Nepali students form own student organization


Ryan Lake
Mississippi University for Women has seen a large increase in its international student population this year, especially from Nepal.
According to the Shelly Moss, director of admissions, 16 students have made the two-day, 8,000-mile journey from Katmandu, Nepal, to Columbus, Miss., to pursue their educations this fall. The nearly 50-percent increase in international students to 51 has many wondering what is driving the growth.  
However, that increase doesn’t surprise sophomore Nepali student, Seema Neupane.
“The education and scholarship brought me. Scholarship because I can’t afford education otherwise, none of us (Nepalese students) can,” Neupane said. 
According to Neupane, the trend has been building over several years.
The opportunity offered by scholarships is what brings students from other countries, according to Doyin Adebowale, former president of the International Student Association on campus. However, that’s not the only thing that attracts them to the W. 
“I found what I was looking for,” said Adebowale. “I would say when I first came I was skeptical, but once I got here, I was glad I came. 
Adebowale hopes to see more students from other countries join the W family, a sentiment shared by Billy Simmons, the International Student Services coordinator.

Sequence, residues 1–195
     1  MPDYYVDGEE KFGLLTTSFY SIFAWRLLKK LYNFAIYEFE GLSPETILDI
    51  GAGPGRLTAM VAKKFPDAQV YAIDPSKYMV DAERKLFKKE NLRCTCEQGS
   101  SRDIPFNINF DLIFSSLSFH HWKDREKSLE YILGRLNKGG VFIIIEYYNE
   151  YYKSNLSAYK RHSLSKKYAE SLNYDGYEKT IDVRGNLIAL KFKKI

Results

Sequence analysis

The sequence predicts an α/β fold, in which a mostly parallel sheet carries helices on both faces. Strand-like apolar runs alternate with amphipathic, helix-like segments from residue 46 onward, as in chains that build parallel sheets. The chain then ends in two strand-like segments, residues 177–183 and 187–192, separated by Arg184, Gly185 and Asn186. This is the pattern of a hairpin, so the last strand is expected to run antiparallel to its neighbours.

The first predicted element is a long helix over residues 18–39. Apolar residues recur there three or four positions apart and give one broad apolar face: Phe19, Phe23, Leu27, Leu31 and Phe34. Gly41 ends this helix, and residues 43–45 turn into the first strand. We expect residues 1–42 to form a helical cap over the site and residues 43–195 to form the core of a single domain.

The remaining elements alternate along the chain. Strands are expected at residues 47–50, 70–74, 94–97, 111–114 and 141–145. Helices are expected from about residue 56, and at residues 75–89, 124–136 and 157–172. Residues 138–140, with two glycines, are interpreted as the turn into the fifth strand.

“In the past there used to be a large African component on campus, and that slowly deteriorated and now it’s mostly Nepali—Moving forward I would like to see that trend be more broad, “said Simmons. 
The influx in Nepali students has also caused a change in the student organization landscape with the creation of the Nepali Student Association. The president, Shrishti Khati, was exuberant at the new opportunity for Nepali students. 
“It would be a chance to promote our traditions and culture to [the] university. It will also give a homey environment to the incoming freshman,” said Khati. 
Some have questioned whether the formation of the NSA would cripple the International Student Association. However, Khati was quick to head off those concerns.
“NSA is just the baby organization of ISA. We are not separating from it at all. It’s just that everyone knows ISA has so many countries involved in it, celebrating everyone’s celebrations, everyone’s small single festival is not possible through ISA. So we thought having our own small community would give us a chance to come out more. We are taking parallel course and whenever priority calls, ISA will come first.”
The primary focus of the NSA for this semester will be to focus on establishing the culture and tradition of Nepal on the W campus.